Cervical Laminectomy vs Laminoplasty: Is There a Difference in Outcome and Postoperative Pain?

Neurosurgery 70:965–970, 2012 DOI: 10.1227/NEU.0b013e31823cf16b 

Cervical laminoplasty is often used for the decompression of multilevel cervical spondylotic myelopathy without creating spinal instability and kyphosis.

OBJECTIVE: To assess the axial pain, quality of life, sagittal alignment, and extent of decompression after standard cervical laminectomy or laminoplasty. We further evaluate whether the sagittal alignment changes over time after both procedures and whether axial pain depends on sagittal alignment.

METHODS: We reviewed 268 patients with cervical radiculopathy or myelopathy who had undergone standard cervical laminectomy or laminoplasty between January 1999 and January 2009. The clinical outcome was analyzed by visual analog scale for neck pain. The quality of life was analyzed by EQ-5D questionnaire. The degree of deformity and extent of decompression were assessed using the Ishihara index and Pavlov’s ratio, respectively.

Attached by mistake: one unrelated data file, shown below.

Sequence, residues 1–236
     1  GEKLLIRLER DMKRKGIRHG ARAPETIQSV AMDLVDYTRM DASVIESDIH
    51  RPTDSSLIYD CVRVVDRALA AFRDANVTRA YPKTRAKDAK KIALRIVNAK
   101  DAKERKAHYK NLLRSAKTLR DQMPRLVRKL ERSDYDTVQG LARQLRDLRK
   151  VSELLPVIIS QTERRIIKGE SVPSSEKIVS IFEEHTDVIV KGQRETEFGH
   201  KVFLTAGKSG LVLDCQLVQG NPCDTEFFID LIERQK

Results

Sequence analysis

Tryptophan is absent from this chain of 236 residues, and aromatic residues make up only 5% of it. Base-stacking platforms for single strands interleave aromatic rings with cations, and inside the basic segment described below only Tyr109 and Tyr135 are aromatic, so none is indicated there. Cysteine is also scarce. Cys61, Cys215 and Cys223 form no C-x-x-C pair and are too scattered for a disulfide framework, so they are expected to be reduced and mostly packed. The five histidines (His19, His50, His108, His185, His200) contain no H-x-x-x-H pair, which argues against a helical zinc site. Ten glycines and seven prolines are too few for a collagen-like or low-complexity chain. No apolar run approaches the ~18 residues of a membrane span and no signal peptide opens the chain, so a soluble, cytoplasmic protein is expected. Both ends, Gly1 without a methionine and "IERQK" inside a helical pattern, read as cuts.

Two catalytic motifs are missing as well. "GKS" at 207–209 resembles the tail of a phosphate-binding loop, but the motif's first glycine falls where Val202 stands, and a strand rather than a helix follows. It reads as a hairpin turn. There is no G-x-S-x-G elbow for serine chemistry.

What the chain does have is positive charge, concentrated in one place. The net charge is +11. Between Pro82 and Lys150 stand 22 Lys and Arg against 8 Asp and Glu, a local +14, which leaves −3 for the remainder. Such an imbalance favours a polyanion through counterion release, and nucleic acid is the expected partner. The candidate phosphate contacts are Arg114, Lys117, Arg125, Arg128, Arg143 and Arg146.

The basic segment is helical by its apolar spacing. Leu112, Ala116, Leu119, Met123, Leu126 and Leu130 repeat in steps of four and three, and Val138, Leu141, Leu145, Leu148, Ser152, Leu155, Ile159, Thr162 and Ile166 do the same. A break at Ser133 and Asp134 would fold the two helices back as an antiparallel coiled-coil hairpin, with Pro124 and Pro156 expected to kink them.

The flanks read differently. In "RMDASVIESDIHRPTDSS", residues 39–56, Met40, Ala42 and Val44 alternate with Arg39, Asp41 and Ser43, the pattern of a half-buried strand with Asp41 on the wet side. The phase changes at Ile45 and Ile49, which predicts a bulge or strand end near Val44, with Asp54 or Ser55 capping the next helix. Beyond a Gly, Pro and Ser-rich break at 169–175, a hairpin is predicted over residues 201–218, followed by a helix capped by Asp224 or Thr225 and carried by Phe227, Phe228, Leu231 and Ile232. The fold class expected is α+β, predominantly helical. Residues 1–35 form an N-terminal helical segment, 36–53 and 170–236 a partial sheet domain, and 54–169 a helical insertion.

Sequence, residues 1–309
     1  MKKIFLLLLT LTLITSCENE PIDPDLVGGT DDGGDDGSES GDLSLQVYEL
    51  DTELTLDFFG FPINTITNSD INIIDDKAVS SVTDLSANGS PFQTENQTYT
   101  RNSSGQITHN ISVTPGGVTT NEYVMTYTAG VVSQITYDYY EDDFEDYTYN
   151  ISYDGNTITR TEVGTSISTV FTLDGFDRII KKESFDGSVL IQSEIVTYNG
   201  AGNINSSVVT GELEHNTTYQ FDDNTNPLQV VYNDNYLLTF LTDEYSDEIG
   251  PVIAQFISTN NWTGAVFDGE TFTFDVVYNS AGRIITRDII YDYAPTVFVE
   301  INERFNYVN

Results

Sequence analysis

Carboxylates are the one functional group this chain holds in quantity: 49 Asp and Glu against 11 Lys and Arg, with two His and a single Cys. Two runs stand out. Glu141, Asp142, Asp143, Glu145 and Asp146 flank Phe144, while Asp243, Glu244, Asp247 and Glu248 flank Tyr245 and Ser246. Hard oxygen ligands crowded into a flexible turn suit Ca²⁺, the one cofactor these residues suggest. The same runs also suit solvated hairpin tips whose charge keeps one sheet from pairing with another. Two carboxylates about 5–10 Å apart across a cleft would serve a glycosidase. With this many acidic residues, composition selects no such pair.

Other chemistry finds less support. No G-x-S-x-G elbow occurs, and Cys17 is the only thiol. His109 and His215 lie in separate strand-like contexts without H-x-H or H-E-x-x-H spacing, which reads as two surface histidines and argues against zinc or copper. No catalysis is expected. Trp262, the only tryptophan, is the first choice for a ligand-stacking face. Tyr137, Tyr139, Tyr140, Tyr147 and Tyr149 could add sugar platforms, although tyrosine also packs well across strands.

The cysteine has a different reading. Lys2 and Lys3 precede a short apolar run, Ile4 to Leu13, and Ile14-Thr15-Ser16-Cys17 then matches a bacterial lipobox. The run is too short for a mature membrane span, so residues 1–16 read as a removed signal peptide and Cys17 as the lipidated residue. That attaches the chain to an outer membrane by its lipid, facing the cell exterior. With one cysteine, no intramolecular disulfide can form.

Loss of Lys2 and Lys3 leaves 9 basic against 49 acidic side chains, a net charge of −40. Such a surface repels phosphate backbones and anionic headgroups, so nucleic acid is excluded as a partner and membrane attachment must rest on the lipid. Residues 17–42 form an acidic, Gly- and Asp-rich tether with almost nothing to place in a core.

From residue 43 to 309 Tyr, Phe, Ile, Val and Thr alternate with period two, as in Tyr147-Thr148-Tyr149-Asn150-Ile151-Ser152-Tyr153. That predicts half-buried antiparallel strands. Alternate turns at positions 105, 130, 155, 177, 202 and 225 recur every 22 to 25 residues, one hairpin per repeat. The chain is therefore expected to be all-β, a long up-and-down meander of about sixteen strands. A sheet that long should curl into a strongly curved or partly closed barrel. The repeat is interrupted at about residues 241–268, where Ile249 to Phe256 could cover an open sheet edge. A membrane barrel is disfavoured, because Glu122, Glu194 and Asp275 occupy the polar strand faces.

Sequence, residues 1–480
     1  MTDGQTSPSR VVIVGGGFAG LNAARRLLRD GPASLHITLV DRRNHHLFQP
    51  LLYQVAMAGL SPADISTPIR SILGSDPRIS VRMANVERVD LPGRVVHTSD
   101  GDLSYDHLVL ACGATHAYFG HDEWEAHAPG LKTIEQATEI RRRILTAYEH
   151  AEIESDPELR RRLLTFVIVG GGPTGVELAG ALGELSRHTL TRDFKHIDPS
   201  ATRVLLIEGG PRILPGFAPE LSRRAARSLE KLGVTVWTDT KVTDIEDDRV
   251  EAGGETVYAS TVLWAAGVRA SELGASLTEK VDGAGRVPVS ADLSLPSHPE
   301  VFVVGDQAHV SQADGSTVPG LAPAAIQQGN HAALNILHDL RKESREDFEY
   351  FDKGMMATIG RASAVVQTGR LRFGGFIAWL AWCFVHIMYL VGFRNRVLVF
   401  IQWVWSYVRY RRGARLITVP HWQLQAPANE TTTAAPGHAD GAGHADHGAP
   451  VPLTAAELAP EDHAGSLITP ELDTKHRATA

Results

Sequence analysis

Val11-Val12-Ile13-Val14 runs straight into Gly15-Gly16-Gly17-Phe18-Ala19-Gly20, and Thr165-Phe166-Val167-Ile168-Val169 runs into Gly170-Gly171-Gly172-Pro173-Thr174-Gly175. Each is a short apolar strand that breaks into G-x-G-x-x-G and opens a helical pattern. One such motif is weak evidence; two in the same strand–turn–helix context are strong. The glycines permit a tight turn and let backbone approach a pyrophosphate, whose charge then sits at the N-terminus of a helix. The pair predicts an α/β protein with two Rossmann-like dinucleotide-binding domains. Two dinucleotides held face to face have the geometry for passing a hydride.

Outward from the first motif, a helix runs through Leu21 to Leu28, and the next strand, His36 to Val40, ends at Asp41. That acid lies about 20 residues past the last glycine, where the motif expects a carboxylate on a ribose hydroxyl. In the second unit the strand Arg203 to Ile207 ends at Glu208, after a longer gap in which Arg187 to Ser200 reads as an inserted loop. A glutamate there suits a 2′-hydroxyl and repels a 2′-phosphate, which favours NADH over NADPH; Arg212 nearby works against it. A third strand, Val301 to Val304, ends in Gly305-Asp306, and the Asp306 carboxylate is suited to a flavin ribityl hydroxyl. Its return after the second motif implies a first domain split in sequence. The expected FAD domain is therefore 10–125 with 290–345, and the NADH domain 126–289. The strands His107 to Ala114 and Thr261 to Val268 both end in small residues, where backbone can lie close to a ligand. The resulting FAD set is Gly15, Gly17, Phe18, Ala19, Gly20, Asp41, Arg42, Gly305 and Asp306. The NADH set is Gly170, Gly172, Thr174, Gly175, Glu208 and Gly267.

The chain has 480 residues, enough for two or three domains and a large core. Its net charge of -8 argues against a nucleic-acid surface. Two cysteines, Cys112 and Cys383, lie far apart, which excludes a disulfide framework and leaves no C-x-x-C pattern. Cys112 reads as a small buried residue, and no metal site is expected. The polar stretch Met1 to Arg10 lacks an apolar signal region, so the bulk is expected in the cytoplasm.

RESULTS: Laminoplasty was associated with more neck pain and worse quality of life when 4 or more levels were decompressed compared with the laminectomy group. For operations of 3 or fewer levels, there was no difference. Interestingly, the radiological effectiveness of decompression was greater in the laminoplasty group.

CONCLUSION: Laminoplasty for 4 or more cervical levels was associated with more axial pain and consequently poorer quality of life than laminectomy. There was a similar loss of sagittal alignment in both the laminectomy and laminoplasty groups over time. Our results suggest there is no clear benefit of laminoplasty over laminectomy in patients who do not have spinal instability.